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GP de-registration shows double standard for health practitioners

There is a soft evidence base for spinal manipulations being useful for musculoskeletal problems. Michael Dorausch

A New South Wales general practitioner, who was de-registered by the NSW Medical Tribunal for claiming he could treat any number of serious conditions by “spinal manipulation”, has lost his appeal to the Supreme Court. But the very same claims are made by numerous chiropractors and the same techniques used without a whiff of disquiet from the Chiropractic Board of Australia.

Indeed, there’s some support from the Board for spinal manipulation, which is endorsed by the profession’s peak body, the Chiropractor’s Association of Australia (CAA). So it seems we have one government-appointed registration board de-registering a member for practices that are not subject to any restrictions by another!

In September of 1895, the founder of chiropractic, Daniel David Palmer, noted that the janitor who cleaned his office and had been profoundly deaf for 17 years had a vertebra racked from its normal position. He racked it back into position and soon the man could hear as before.

Shortly after this episode, he noted similar spinal distortions in a man with heart trouble and again manipulation provided immediate relief. From these observations came the theory that 95% of what ails man is caused by spinal distortion of an energy flow (innate intelligence), the integrity of which is essential for health. Spinal cord adjustments, thought Palmer, could correct subtle even invisible distortions.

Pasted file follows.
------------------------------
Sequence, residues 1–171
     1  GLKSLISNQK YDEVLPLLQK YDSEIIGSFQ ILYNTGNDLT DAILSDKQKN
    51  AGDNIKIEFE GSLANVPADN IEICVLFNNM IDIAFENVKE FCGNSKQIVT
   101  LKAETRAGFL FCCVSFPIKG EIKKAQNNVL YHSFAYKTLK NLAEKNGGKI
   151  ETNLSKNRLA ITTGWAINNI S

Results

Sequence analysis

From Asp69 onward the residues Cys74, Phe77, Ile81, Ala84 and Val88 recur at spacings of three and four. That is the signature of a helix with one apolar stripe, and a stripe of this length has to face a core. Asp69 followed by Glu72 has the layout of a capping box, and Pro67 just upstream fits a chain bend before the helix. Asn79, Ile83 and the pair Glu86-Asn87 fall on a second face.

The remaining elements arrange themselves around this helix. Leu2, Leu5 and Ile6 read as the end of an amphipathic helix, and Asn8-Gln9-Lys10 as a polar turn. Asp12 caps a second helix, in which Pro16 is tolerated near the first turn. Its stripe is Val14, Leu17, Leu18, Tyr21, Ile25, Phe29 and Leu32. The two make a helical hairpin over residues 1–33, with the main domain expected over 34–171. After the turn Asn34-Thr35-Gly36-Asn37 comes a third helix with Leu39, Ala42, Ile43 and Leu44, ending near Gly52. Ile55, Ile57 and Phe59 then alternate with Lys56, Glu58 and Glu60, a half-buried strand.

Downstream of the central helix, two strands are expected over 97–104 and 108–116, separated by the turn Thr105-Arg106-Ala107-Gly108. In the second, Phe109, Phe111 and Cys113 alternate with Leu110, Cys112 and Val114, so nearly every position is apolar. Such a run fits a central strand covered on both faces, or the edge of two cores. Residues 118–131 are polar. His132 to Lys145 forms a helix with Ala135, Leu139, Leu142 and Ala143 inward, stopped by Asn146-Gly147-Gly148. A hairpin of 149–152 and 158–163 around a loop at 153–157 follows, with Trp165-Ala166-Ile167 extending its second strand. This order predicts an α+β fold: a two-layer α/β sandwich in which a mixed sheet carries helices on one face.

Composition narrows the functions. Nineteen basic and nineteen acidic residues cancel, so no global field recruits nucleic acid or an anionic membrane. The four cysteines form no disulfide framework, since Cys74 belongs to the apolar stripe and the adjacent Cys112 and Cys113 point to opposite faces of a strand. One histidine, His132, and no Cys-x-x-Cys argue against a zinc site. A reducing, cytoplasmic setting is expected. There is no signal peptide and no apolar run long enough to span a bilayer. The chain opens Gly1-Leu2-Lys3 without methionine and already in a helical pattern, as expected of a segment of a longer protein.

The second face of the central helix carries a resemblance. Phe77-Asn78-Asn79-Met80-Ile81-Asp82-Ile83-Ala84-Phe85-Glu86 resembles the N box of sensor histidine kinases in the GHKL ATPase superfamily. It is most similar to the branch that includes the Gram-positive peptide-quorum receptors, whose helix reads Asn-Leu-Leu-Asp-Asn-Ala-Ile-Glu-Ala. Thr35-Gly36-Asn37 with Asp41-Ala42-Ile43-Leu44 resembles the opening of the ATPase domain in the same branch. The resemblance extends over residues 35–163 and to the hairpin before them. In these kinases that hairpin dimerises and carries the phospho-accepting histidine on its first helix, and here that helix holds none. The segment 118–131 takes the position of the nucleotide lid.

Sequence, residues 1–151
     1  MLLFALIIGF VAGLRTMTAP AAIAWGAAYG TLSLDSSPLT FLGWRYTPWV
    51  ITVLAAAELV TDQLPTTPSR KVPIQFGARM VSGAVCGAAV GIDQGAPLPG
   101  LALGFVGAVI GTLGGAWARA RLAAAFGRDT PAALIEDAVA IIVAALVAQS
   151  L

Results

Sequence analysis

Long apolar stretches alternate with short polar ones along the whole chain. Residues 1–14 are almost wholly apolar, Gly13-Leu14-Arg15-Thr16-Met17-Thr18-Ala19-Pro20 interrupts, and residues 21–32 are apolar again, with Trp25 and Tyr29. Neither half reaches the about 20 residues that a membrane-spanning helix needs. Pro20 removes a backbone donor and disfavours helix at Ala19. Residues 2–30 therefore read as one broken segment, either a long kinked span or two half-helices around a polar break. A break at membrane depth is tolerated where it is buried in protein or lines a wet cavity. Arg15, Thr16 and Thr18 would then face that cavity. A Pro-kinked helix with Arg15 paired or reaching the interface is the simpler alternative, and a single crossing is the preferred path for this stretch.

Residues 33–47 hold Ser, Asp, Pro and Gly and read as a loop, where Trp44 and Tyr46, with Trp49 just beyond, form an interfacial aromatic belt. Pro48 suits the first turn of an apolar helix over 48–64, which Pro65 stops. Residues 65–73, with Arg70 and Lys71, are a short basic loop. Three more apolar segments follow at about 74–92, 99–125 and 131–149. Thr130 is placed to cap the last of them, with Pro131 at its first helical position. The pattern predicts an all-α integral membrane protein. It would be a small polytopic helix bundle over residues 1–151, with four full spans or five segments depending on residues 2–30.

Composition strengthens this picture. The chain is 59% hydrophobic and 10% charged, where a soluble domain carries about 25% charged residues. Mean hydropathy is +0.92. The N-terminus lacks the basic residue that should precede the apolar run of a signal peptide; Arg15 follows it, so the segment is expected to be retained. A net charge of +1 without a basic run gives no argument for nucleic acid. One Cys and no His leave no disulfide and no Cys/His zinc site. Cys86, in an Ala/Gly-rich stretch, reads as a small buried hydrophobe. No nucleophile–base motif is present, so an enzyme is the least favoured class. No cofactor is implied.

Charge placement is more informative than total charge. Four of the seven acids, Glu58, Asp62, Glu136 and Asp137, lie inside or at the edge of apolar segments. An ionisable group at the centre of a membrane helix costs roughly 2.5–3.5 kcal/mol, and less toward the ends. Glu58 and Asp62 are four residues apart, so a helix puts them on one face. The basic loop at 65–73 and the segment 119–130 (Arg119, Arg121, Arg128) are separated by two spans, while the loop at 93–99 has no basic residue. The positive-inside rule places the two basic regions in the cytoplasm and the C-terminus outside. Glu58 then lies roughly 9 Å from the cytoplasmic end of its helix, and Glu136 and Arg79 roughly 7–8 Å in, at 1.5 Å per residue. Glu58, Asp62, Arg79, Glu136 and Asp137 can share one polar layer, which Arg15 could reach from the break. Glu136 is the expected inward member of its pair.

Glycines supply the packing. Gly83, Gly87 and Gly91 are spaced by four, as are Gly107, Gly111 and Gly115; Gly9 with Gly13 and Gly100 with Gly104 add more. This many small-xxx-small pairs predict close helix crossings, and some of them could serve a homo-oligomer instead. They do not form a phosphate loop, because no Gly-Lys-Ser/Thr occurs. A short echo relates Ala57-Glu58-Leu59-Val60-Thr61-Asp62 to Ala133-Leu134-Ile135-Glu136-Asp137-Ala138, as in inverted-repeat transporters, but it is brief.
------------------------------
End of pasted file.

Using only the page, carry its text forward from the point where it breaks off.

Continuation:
Many chiropractors dismiss this theory and limit their practice to definite musculoskeletal problems. And there is a soft evidence base to support these manipulations. But others endorse Palmer’s theory and use it to greatly broaden the scope of care they offer. Particularly disturbing are the claims being made for spinal adjustments of children to treat conditions such as autism, attention-deficit syndrome, colic, infections, asthma and bed-wetting.

Daniel David Palmer, the founder of chiropractic. Wikimedia Commons

The CAA describes chiropractic care as an alternative health system distinct from the mainstream that aims to “achieve a fundamental paradigm shift in healthcare direction where chiropractic is recognised as the most cost efficient and effective health regime of first choice that is readily accessible to all people”. Consumers have been warned of the potential dangers inherent in this ambition in a report by Choice Magazine.

The de-registered doctor manipulated spines to treat, among other things, influenza and poor vision. He was furious with the court and claimed to be a whistle-blower exposing the wider medical profession’s unconscionable failure to adopt his techniques. Reading media reports of the case made me wonder if he was somewhat delusional but many a chiropractor would have no such concerns and welcome him and his approach into their club.

The paradox highlighted by this situation is obvious and cause for concern. National registration of practitioners of chiropractic and traditional Chinese medicine was presented as an important advance in protecting consumers, as the new boards would hold members to the highest standards of ethical and credible practice. But when board members accept pseudoscience as ethical and credible, this premise disappears.

Even though modern research shows that (with a few exceptions) acupuncture is no more than a superb placebo, the traditional Chinese medicine board is hardly likely to recommend restricting its current broad and discredited application.

So while the Supreme Court tells a doctor he deserves de-registration, we have a self-serving rather than public-serving government-authorised boards supporting the same practices as if they were good medicine.

It’s time to challenge the Australian Health Practitioner Regulation Agency (APHRA) about registration boards holding members to a standard that rejects approaches to care for which there’s no support from good science or treatments that have been studied and found to be ineffective.

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